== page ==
Environmental Protection Agency (EPA).
Direct final rule.
EPA is taking direct final action on amending the EPA Acquisition Regulation (EPAAR) to comport with changes made to the Federal Acquisition Regulation (FAR) in Federal Acquisition Circular (FAC) 97-15 dated December 27, 1999 (FAR Case 98-017). The changes to the FAR were made to implement the rulings of the United States Court of Appeals and the United States Court of Federal Claims that the Contracts Disputes Act applies to all disputes arising under Government contracts, unless a more specific statute provides for other remedies.
This rule is effective on August 16, 2000, without further notice, unless EPA receives adverse comments by June 19, 2000. If we receive adverse comments, we will, before the rule's effective date, publish a timely withdrawal in the Federal Register informing the public that this rule will not take effect.
Written comments should be submitted to the contact listed below at the following address: U.S. Environmental Protection Agency, Office of Acquisition Management (3802R), Ariel Rios Building, 1200 Pennsylvania Avenue, NW, Washington, D.C. 20460. Comments and data may also be submitted electronically by sending electronic mail (e-mail) to: email@example.com. Electronic comments must be submitted as an ASCII file avoiding the use of special characters and any form of encryption. Comments and data will also be accepted on disks in Corel WordPerfect format or ASCII file format. No confidential business information (CBI) should be submitted through e-mail. Electronic comments on this rule may be filed on-line at many Federal Depository Libraries.Start Further Info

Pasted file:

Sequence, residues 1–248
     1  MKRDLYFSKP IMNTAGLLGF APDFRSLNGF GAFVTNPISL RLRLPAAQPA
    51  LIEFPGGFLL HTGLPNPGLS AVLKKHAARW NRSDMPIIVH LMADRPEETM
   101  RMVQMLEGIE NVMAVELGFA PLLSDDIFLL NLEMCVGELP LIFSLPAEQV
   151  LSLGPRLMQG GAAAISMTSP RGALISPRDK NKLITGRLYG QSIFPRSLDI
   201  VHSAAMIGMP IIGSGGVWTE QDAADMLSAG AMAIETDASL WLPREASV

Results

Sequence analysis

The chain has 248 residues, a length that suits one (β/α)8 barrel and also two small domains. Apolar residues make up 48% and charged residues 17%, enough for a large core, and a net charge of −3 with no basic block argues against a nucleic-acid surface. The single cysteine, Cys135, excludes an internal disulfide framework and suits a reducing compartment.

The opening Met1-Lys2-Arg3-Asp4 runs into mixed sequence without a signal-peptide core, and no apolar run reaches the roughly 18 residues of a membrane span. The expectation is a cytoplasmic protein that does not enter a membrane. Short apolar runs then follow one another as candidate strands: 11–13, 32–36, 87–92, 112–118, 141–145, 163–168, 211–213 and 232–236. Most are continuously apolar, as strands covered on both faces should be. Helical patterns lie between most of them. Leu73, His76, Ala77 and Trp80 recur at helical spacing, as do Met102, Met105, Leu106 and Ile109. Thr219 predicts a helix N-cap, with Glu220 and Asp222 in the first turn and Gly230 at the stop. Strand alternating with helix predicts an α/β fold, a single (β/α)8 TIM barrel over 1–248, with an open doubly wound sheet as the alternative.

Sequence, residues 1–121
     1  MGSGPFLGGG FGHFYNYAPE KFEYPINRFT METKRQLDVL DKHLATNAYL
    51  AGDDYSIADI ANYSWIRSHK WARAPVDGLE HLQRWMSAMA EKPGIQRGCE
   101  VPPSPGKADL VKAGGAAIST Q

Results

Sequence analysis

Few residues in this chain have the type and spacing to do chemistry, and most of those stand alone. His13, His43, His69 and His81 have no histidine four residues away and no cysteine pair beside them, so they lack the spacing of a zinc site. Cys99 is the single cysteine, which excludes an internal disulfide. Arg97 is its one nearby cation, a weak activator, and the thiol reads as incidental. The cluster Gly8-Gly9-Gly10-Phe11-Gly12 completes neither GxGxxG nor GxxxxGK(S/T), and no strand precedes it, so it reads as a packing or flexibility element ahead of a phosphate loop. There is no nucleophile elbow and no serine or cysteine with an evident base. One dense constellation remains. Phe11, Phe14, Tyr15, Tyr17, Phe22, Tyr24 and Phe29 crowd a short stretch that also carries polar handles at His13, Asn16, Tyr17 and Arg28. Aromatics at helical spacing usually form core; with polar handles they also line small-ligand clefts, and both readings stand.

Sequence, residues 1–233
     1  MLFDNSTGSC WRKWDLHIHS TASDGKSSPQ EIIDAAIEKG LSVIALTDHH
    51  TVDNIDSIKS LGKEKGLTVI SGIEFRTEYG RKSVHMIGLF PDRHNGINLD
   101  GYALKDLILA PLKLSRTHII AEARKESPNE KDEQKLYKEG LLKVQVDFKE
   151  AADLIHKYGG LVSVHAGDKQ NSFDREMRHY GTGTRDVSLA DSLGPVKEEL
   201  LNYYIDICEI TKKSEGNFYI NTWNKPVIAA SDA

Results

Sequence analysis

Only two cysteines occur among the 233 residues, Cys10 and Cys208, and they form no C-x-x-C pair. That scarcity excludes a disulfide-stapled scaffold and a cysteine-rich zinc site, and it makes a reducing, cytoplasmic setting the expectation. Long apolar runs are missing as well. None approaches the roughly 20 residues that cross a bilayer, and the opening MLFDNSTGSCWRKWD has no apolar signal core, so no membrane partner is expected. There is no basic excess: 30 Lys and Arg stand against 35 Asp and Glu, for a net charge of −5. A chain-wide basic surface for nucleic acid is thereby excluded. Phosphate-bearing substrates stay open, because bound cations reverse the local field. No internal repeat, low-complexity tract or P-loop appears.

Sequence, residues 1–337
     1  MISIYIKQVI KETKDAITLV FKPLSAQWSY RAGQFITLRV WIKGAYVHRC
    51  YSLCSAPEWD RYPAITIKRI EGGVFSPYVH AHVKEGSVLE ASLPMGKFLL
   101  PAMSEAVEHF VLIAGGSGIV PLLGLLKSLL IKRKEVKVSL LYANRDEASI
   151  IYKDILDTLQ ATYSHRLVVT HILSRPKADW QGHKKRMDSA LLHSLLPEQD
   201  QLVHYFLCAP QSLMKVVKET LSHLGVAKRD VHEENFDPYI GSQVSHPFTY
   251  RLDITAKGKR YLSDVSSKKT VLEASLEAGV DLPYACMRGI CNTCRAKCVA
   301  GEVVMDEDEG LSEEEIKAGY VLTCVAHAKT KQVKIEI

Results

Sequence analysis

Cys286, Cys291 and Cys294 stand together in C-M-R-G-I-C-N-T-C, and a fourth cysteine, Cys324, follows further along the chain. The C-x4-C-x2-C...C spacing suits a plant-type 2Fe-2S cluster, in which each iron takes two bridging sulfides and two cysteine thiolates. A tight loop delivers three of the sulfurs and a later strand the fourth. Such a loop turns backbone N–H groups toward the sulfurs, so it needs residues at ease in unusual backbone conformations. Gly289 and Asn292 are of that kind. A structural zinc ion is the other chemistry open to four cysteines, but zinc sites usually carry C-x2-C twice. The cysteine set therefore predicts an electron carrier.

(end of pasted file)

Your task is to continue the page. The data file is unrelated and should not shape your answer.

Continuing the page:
FOR FURTHER INFORMATION CONTACT:
Jean Rellins, U.S. EPA, Office of Acquisition Management, (3802R), Ariel Rios Building, 1200 Pennsylvania Avenue, NW, Washington, DC 20460, Telephone: (202) 564-4434.End Further Info End Preamble Start Supplemental Information